Advice for Inca Trail and Amazon Rainforest

Hi, I did this trip last October, was absolutely amazing. Here are my tips:

Avoid dodgy looking restaurants in Cuzco, people who ate fish etc got bad stomach upsets. Eat probiotic yoghurt and drink Yakult before you go. Avoid drinking too many pisco sour cocktails in Lima the night you arrive, you will regret it the next morning! I would recommend an alpaca steak though.

I got on fine without altitude pills, the koka leaf tea is good, any kind of headache tablet helps as well. The main thing with altitude is to put on warm layers as soon as you arrive in Cuzco, take it easy, drink fluids and don't eat fatty food.

Trekking poles (with compulsory rubber tips) were the best thing I took on the trip, going down from the highest pass was a breeze, if only going up was that easy!

Watch out for the sun, it is very strong due to the altitude and the latitude. Take a wide brimmed hat.

Work out how to use the macro (closeup) mode on your camera for taking pictures of insects in the rainforest. A good zoom on the camera and good binoculars will be useful.

If you go when it is a full moon, you will get a spectacular evening view on Lake Titicaca

Good travel clothing (e.g. Rohan, Craghoppers) is a must and travel light. Take a long sleeved shirt for the rainforest and for the sun on the trail. Make sure you have good waterproofs (not old ones which have lost their water repellency) or buy a decent poncho in Cuzco, not a cheap plastic one. The rain in Peru is something to behold! Get a good mid-size backpack with a rain cover. Take some lightweight trainers so you can take off your boots when you get to camp. Finally check out this excellent packing list here.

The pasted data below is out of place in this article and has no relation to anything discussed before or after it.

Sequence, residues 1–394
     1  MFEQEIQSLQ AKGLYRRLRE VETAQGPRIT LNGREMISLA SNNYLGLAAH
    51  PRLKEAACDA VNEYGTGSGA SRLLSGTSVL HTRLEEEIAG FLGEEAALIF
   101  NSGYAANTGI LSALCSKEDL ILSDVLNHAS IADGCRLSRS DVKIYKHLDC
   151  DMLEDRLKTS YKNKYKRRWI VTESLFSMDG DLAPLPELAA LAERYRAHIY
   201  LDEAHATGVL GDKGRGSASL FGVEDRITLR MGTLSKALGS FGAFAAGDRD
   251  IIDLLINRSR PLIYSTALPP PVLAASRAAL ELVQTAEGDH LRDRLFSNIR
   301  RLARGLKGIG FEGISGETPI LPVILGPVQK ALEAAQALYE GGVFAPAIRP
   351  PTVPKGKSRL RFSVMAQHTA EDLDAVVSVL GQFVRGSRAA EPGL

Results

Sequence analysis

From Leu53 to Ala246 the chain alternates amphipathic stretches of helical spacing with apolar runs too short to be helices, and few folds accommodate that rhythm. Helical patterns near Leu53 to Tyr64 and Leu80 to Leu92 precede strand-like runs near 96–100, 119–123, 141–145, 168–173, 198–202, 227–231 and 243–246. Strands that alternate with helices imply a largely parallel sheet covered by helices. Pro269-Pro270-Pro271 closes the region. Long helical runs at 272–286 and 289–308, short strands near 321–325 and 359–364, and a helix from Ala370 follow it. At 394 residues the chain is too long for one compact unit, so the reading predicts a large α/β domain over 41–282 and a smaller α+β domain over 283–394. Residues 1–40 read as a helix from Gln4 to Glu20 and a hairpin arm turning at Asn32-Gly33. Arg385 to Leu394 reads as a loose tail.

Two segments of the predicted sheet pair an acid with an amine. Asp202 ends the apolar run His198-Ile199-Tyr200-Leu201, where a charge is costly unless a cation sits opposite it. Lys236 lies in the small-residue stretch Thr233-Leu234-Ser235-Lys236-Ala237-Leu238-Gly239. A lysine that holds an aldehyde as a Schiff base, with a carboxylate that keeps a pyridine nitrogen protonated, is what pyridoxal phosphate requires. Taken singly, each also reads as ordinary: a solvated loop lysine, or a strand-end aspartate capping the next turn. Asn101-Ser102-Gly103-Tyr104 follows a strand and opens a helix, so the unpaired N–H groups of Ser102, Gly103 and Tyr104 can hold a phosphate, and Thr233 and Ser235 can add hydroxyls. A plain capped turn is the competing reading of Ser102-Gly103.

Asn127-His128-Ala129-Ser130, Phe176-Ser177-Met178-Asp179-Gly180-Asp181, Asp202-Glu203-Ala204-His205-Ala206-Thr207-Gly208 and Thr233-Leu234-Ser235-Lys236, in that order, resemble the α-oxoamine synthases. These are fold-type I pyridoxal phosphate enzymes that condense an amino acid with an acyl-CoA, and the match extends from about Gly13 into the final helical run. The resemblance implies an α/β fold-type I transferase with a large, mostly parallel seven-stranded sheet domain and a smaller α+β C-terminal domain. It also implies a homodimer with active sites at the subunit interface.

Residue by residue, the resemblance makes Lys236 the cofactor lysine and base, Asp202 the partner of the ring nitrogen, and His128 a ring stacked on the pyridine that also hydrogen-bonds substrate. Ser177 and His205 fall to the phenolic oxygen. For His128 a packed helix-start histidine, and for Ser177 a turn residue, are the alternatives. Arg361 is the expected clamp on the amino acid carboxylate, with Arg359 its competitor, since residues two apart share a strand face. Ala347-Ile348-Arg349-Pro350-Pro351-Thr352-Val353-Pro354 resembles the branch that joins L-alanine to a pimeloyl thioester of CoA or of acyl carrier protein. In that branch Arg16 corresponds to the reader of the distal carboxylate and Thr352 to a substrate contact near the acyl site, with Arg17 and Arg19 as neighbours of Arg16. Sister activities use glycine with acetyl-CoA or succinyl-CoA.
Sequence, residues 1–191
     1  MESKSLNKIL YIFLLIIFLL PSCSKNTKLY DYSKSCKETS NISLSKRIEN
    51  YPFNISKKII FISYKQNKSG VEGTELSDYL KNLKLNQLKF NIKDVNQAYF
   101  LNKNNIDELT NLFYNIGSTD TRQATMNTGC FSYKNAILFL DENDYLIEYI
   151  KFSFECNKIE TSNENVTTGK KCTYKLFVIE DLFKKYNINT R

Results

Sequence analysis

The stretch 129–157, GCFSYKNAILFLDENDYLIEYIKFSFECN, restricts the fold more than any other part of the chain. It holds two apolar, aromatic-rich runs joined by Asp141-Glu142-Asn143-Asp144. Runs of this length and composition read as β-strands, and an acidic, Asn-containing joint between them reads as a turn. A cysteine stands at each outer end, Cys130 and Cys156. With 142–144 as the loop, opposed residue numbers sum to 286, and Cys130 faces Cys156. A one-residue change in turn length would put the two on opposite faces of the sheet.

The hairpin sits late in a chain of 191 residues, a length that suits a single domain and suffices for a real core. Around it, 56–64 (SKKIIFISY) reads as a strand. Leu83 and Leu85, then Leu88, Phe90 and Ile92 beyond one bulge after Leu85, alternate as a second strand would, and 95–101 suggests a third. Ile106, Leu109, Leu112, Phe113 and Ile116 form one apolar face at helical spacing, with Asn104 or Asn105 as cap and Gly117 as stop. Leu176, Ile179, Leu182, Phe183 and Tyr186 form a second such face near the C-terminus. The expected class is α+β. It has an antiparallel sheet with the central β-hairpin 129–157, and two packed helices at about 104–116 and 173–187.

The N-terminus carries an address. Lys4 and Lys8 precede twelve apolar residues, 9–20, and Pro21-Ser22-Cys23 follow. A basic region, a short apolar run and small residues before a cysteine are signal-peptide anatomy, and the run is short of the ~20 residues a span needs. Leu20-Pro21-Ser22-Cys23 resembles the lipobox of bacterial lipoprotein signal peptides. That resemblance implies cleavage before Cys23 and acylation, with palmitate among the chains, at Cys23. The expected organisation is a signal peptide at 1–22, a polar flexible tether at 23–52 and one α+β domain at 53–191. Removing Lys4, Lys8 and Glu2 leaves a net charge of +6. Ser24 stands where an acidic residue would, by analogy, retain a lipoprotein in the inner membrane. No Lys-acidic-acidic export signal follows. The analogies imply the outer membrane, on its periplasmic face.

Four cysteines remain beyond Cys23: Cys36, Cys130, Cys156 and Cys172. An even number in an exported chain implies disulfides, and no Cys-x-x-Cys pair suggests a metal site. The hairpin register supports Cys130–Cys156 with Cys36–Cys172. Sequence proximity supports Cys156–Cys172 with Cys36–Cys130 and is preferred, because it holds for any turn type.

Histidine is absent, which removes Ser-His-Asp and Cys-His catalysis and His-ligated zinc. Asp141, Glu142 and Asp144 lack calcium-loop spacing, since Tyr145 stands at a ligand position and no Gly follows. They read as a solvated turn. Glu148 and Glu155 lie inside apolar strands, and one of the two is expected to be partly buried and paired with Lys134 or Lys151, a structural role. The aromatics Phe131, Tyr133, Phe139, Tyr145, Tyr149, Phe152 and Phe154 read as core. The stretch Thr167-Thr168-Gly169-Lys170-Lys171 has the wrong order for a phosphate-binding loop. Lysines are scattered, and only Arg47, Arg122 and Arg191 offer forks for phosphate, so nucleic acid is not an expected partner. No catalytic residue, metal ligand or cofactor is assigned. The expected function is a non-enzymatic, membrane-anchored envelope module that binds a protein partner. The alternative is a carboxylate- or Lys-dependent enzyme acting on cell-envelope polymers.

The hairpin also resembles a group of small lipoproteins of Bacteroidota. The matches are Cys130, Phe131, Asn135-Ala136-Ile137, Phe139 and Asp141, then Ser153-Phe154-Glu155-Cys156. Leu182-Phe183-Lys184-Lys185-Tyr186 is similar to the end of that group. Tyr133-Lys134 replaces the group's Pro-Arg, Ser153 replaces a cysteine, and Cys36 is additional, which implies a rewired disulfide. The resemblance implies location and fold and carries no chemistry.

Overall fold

I went on the Classic Peru last September and had a holiday of a lifetime.

Take lightweight, easy drying breathable clothes, some UV resistant if possible. T-shirts, sleeveless shirts, short and long sleeved shirts all of which can be layered when necessary. A light and a heavier fleece. Light waterproof (and I mean waterproof) breathable over trousers and jacket, Gore-tex or similar. Light walking trousers with zip off bottoms and very light long trousers for the jungle. Thermals to sleep in Head torch for tent Money belt I took travellers cheques but $cash or credit/debit cards are easier. My mobile did not work but easy to phone home from hotels or phone booths. Clothes can be laundered in all towns, too humid to wash and dry your own clothes except for undies. You can get photos downloaded onto cd-rom in towns. Water bottle not necessary. Walking poles essential. Plastic bags/bin liners to pack your stuff inside kit bag/day pack. Footwear – I took Gore-tex walking boots, walking trainers and sandals and found this adequate for all circumstances. I took altitude sickness pills – if you don’t need them leave them for others who don’t bring them. Upset tummy medicine (watch what you eat in the jungle), aspirin (can also be used as blood thinner if necessary) and of course mosquito and sun cream. I live abroad and was advised at the tropical disease unit in Geneva only to take malaria tablets if I had symptoms as malaria is not endemic to that part of the Peruvian jungle. Jungle: very hot and humid – we had one rain shower. Trekking: All seasons in one day – cold early morning, hot late morning to mid-afternoon, showers or torrential rain late afternoon, cold nights.

Hope this is helpful

Have a fabulous holiday – I did.

Just a quick thanks to you guys for the really useful practical tips and advice. I'm going on the Inca Trail and Amazon trip in October and whilst really looking forward to it, I'm having packing and fitness panics, so your notes are really useful.  Thanks for taking the time.